“His estimates, based in economics, put the minimum current usage of the Bitcoin network at 2.55 gigawatts, which means it uses almost as much electricity as Ireland,” according to Science Daily. “A single transaction uses as much electricity as an average household in the Netherlands uses in a month.”
Mining costs are pivotal for bitcoin miners. The higher the break-even point, the more likely some smaller miners give up or temporarily get out of the game. Estimates vary on the break-even point for bitcoin mining, ranging from $6,000 to $8,000 and higher. With bitcoin currently trading just under $8,300, a break-even point of $8,000 may not be enough for some miners to take on the expense of higher energy bills.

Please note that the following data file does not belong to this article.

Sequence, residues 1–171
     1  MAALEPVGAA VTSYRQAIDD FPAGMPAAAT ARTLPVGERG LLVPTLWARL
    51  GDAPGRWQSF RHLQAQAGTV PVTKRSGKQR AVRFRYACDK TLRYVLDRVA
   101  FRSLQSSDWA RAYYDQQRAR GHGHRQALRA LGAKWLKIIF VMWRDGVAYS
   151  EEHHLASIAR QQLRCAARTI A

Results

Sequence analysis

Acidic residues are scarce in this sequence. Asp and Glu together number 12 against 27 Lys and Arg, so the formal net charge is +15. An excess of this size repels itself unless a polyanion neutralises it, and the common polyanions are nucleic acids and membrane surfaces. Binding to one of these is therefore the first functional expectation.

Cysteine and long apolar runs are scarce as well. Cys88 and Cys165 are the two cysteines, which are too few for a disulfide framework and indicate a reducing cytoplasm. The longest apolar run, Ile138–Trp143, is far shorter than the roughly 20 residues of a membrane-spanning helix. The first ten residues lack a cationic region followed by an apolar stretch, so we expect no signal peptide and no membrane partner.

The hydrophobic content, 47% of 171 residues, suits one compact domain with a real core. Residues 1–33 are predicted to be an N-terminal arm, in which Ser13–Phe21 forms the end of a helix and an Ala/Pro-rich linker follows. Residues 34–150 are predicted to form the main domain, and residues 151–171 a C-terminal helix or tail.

“The huge costs associated with Bitcoin mining – a process that ‘timestamps’ transactions and performs extensive calculations – has been a subject of criticism since years. And with the increase in the network’s size, the costs are further poised to grow, possibly consuming 5 percent of the world’s total electricity in the future,” reports CCN.
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